Example II An air freshening gel is prepared having the following composition, the amounts being expressed in percent by weight of the complete gel:
The gelling components are added to the water as in Example I while heating to a temperature somewhat in excess of 60 C. When the gelling agents are dispersed, the mixture is cooled to about 60 C., and the air treating components are added with stirring until a uniform dispersion is obtained. The resulting dispersion is then poured into suitable molds or subjected to continuous cooling and molding as described in Example I.
Example III An air freshening gel is prepared having the following composition, the amounts being expressed in percent by weight of the complete gel:
Air treating components: Percent Essential oil mixture (same formulation as in Example 11) Isopropyl alcohol Ethylene glycol 25% aqueous sodium chlorophyllin Gelling agent components:
Carrageenan Locust bean gum Potassium chloride Sodium carboxymethylcellulose Water 87 The gelling agent components are first dissolved in water with heating as described in the previous examples. The air treating components are then combined and added to the warm mixture with stirring until a uniform dispersion is obtained. Thereafter, the dispersion is poured into molds and cooled or subjected to con tinuous forming and cooling as described in Example I.
Various changes and modifications in the air treating gel formulations herein disclosed will occur to those skilled in the art, and to the extent that such changes and modifications are embraced by the appended claims, it is to be understood that they constitute part of my invention.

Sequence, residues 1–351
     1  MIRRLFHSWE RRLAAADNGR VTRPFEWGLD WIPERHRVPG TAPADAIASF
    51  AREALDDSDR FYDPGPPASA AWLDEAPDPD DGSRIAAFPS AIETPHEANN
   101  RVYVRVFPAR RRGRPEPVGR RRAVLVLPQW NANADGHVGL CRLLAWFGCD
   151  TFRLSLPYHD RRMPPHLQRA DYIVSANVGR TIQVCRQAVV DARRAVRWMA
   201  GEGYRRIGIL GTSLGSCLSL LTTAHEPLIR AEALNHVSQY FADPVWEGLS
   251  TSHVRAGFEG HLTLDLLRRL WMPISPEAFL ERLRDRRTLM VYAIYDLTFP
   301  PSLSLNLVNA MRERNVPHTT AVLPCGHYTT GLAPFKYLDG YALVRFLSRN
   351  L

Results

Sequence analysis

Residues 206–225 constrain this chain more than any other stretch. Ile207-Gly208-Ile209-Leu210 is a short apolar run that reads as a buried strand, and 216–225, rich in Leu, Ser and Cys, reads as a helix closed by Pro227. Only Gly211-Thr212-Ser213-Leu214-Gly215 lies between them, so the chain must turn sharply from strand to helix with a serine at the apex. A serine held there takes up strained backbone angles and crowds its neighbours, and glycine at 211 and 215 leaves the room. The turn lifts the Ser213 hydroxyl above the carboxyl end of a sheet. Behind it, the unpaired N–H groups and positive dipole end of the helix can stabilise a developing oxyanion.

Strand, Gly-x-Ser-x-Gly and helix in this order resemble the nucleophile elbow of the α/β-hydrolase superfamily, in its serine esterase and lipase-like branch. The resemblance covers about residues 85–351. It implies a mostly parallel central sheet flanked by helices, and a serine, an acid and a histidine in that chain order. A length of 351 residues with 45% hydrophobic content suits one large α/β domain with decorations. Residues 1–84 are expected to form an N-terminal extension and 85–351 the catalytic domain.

1. In an air treating gel adapted for introducing into the air a uniform quality vapor mixture, said gel consisting essentially of 97 to 98% of an aqueous medium of l to 10% comprises a plurality of volatile air treating components which are compatible, uniformly dispersible in water, and which normally volatilize at different rates at room temperature, and a small amount of aqueous gelling agent, the improvement that comprises employing as said aqueous gelling agent about 2 to 3% of a mixture of the following components in amounts expressed as percent by weight of the complete gel formulation:
Percent Carrageenan 0.75 to 1.8 Locust bean gum 0.2 to 0.75 Potassium chloride 0.1 to 0.75 Sodium carboxymethylcellulose 0.15 to 0.7
Percent Carrageenan 1.5 Locust bean gum 0.25 Potassium chloride 0.5
Sodium carboxymethylcellulose 0.25
3. The process for preparing an air treating gel as defined in claim 1 that comprises separately blending together the gelling agent components and the air treating components, adding the dry-blended gelling agent components to cold water and stirring, while heating to about 180-190 F. until the solids are totally dispersed, cooling the aqueous dispersion to about 170 F. and adding the pre-blended air treating components with stirring until a uniform composite dispersion is'obtained, and transferring the composite dispersion to molding means, with cooling, to produce formed gel masses.
References Cited in the file of this patent UNITED STATES PATENTS 2,691,615 Turner =1 a1. Oct. 12,1954